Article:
Cover story

Investigative Journalism Center has been set up

 By a TMO Reporter

Mongolian journalists together with their international counterparts, for the first time, converged on Ulaanbaatar on 1-2 September, 2017 to discuss opportunities and challenges of investigative journalism in the country.
The two-day dialogue was organized by the Press Institute of Mongolia with support from DW Akademie, Global Investigative Journalists’ Network and Mongol TV.

Participants in the International Investigative Journalism Dialogue in Ulaanbaatar with Michael Canares of Open Data Lab, Indonesia (center front). Photo courtesy: Press Institute

In 2015 trainers from the Press Institute took part in the 9th Global Investigative Journalism conference in Norway. Upon return from the conference, the Press Institute organized three roundtable discussions among journalist and professionals to share experience and the outcome was the establishment of a network of journalism educators and journalists interested in investigative reporting. The core objective of the network was to promote knowledge and experience sharing, and develop collaboration among journalists to promote investigative journalism in the country.
The first international investigative journalism dialogue was preceded by the First Mongolian Investigative Journalism conference in 2016 as a follow up to the 2nd Asian Investigative Journalism Conference in Nepal. Almost 70 journalists and educators took part in the conference brainstorming on the opportunities and challenges in promoting investigative journalism in the country.
Prior to the international investigative journalism dialogue a three-week high-level training of journalists on investigative reporting was conducted, where instructors from the Press Institute were also trained. These instructors would be offering their first course on investigative journalism in the summer of 2018.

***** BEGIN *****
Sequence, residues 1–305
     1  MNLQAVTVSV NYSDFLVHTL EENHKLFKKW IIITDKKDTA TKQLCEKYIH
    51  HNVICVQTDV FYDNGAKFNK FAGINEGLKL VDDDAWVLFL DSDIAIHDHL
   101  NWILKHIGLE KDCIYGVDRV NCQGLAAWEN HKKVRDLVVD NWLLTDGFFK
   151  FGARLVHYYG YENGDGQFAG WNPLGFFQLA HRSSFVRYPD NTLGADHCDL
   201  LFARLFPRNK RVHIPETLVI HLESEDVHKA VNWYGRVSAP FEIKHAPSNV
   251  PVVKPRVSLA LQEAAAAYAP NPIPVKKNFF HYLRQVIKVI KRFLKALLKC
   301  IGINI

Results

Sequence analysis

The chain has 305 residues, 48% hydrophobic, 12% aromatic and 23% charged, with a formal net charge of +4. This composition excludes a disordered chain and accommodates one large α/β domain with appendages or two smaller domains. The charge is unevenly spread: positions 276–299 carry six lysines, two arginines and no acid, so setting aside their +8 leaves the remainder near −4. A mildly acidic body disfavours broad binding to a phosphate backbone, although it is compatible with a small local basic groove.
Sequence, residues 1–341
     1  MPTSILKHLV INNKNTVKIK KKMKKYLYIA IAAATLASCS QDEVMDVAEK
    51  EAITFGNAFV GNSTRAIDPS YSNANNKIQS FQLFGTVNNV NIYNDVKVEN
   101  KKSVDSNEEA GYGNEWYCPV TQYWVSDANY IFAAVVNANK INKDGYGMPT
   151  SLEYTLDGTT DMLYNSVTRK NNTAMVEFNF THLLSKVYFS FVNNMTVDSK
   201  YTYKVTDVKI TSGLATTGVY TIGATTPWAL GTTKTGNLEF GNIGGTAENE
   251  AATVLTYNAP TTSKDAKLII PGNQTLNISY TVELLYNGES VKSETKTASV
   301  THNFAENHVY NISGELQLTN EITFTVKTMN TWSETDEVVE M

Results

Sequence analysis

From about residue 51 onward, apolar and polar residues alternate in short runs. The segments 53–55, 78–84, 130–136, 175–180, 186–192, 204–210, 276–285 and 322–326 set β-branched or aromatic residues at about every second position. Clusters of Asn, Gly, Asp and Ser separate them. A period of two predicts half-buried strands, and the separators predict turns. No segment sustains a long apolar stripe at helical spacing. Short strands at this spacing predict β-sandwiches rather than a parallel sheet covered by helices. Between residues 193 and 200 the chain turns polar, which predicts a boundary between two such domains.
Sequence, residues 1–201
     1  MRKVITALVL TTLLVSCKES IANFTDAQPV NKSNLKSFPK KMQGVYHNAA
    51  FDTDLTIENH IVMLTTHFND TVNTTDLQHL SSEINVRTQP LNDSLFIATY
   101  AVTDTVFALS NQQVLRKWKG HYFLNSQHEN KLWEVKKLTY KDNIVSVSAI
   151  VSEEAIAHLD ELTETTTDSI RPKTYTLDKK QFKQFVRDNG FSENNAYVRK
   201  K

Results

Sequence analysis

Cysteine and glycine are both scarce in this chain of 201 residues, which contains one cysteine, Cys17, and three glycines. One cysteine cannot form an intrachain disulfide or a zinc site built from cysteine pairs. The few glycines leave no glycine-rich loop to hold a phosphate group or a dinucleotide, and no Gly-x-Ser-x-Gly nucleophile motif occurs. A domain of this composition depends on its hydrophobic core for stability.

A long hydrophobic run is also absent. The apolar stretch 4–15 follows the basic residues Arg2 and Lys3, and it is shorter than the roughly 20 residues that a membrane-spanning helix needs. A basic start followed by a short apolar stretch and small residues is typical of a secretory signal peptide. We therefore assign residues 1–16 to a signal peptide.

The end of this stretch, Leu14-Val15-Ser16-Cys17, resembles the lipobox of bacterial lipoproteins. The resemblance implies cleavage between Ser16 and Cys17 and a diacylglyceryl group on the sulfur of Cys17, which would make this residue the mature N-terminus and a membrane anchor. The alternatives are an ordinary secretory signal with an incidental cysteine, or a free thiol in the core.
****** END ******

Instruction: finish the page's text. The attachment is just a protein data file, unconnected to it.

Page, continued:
The international investigative journalism dialogue was attended by Mark Lee Hunter, adjunct professor and senior research fellow from the INSEAD Social Innovation Center, Marcus Lindemann, journalism and research trainer from Germany, Young Jin Kim of Newstapa, South Korea’s investigative journalism center, Hideki Kimura of Waseda Chronicle, Japan, Michael Canares of Open Data Lab, Indonesia and Horea Salajn, a journalism expert from Romania.

(From left to right): D. Mönkhchimeg, journalism teacher, Press Institute, Hideki Kimura of Waseda Chronicle, Japan, Young Jin Kim of Newstapa, South Korea’s investigative journalism center, Marcus Lindemann, journalism and research trainer from Germany and M. Mönkhmandakh, Executive Director of Press Institute of Mongolia . Photo courtesy Press Institute

The highlight of the conference was the launching of Mongolian Center of Investigative Journalism and its website (http://www.mcij.mn/mn/).

An award presentation ceremony was held at the conclusion of the conference to winners of an investigative reporting contest among Mongolian journalists. A TV report called Silent Screaming by U. Bolortuya, a reporter with the Eagle TV won the Grand Prix which investigated the complaints of physical and sexual abuse by students of Special School Number 29 in Ulaanbaatar for the deaf and dumb. (Read the modified version of this story in this edition of The Mongolian Observer on page 25).

 

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